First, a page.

This bull market has legs.
Jeremy Siegel, the professor of finance at The Wharton School of the University of Pennsylvania renowned for his encyclopedic knowledge of stock and bond markets around the world, told investment advisers at the TD Ameritrade Institutional conference Thursday that the rally in stocks still has a ways to go.
Despite the strong run-up in equity prices since the market bottomed in March 2009, the S&P 500 remains 20% below the long-term trend line, he said. Of course, Mr. Siegel's long-term trend line is slightly more expansive than most: His statistical analysis dates back to the early 1800s.
According to Mr. Siegel, bull markets tend to rise significantly above the trend line before reversing course. Thus he thinks that stocks remain a very good buy for investors.
“This market is not overvalued. The next several years are going to be good for stocks,” Mr. Siegel said.
U.S. stocks have had an average annual real (after inflation) return of 6.7% between 1802 and 2010, compared with 3.6% for bonds. While there are good decades and bad for all asset classes, Mr. Siegel thinks that the long-term trends will hold true for equities.
“No other asset class enjoys long-term returns like stocks,” he said.
The big reason for Mr. Siegel's optimism is the surging growth in corporate earnings.
The long-term price-earnings ratio of the S&P 500 is 15. And in periods when the interest rate on the 10-year Treasury bond is below 8%, the average P/E of the index rises to 19.
With current estimates of S&P 500 earnings for this year topping the record $91.47 set in 2007, the index will surpass 1,800 if the trend holds true.
But what if the run in stocks over the past year and a half is a short-lived aberration in a multidecade bear market? In the 35-year period between 1946 and 1981, stocks actually produced negative real returns.
The P/E on the S&P 500 hovered in single digits for much of the 1970s and 1980s. That won't happen this time around, Mr. Siegel said.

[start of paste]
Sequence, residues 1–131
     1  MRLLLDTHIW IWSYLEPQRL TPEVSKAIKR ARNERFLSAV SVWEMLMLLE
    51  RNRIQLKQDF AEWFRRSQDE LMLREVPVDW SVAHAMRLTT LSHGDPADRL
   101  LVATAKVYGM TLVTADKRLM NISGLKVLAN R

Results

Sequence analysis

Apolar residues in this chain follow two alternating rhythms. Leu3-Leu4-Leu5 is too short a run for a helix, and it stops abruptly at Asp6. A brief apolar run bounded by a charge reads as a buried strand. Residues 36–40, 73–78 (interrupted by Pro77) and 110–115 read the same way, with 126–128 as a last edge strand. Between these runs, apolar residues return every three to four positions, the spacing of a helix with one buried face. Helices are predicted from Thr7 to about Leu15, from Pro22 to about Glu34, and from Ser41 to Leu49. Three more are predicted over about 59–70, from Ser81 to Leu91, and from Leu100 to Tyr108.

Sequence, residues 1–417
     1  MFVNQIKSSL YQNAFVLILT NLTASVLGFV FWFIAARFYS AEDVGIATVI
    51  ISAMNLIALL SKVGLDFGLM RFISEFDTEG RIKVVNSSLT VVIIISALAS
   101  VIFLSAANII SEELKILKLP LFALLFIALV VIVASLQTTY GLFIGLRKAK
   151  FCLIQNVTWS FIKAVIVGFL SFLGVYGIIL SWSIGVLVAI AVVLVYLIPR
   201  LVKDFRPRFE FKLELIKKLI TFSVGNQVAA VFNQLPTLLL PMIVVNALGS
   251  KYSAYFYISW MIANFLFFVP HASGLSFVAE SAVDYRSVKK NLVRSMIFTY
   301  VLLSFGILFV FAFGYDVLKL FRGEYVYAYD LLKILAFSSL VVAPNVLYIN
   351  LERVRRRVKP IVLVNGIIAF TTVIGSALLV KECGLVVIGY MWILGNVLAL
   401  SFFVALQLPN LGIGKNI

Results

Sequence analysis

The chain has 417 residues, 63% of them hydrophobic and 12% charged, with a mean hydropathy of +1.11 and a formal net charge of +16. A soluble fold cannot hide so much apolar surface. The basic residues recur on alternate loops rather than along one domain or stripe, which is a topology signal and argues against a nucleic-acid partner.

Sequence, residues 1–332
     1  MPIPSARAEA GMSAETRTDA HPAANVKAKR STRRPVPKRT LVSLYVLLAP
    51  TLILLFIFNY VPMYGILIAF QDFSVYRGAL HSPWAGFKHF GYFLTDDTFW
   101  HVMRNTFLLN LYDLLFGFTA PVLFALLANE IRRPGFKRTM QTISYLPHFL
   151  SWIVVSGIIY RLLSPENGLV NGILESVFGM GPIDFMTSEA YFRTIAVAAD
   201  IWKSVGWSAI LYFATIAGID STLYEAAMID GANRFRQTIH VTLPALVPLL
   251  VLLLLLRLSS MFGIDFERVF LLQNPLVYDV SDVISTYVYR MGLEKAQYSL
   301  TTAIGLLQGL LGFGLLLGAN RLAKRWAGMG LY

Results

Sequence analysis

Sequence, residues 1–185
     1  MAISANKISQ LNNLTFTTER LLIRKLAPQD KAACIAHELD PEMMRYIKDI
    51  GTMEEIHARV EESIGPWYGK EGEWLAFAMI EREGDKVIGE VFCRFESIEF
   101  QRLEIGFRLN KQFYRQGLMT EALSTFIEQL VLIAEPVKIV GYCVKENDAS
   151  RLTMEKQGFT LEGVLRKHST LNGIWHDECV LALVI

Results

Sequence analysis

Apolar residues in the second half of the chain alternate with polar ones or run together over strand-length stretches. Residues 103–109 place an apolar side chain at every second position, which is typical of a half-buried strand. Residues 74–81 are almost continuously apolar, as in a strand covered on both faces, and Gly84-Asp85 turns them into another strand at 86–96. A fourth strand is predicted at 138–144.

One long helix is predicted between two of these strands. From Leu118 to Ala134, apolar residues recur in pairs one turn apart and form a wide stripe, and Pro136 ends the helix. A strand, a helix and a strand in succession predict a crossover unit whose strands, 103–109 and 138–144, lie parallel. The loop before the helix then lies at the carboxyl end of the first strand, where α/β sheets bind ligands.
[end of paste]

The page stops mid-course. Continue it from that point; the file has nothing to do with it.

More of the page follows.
“We won't go to single-digit P/Es like we did in the "70s and "80s,” he said, adding that the major reason is that double-digit inflation is unlikely in the near future. Add in the fact that the huge sell-off in stocks in 2008 left the market 39.4% below the long-term trend line — the fifth-largest gap since 1865, according to Mr. Siegel — and there is nothing but upside to come.
“In 2008, people were telling me that this feels like the 1950s, but I told them, "Don't lose the faith. Stocks are going to come back,'” Mr. Siegel said.
The same can't be said for municipal bonds, he said.
Although, Mr. Siegel said that muni bonds have “been whacked more than they should have been, and there are some good yields to lock in,” he warned that tax-exempt debt won't give investors the inflation protection that they would get from stocks.
“If your clients are worried about inflation, dividend-yielding stocks are the best option,” he said.
Likewise, Mr. Siegel takes a dim view of gold.
“Unless there is a collapse in the global economy or hyperinflation, neither of which is likely, gold buyers today will be disappointed in five years,” he said.
E-mail Andrew Osterland at firstname.lastname@example.org.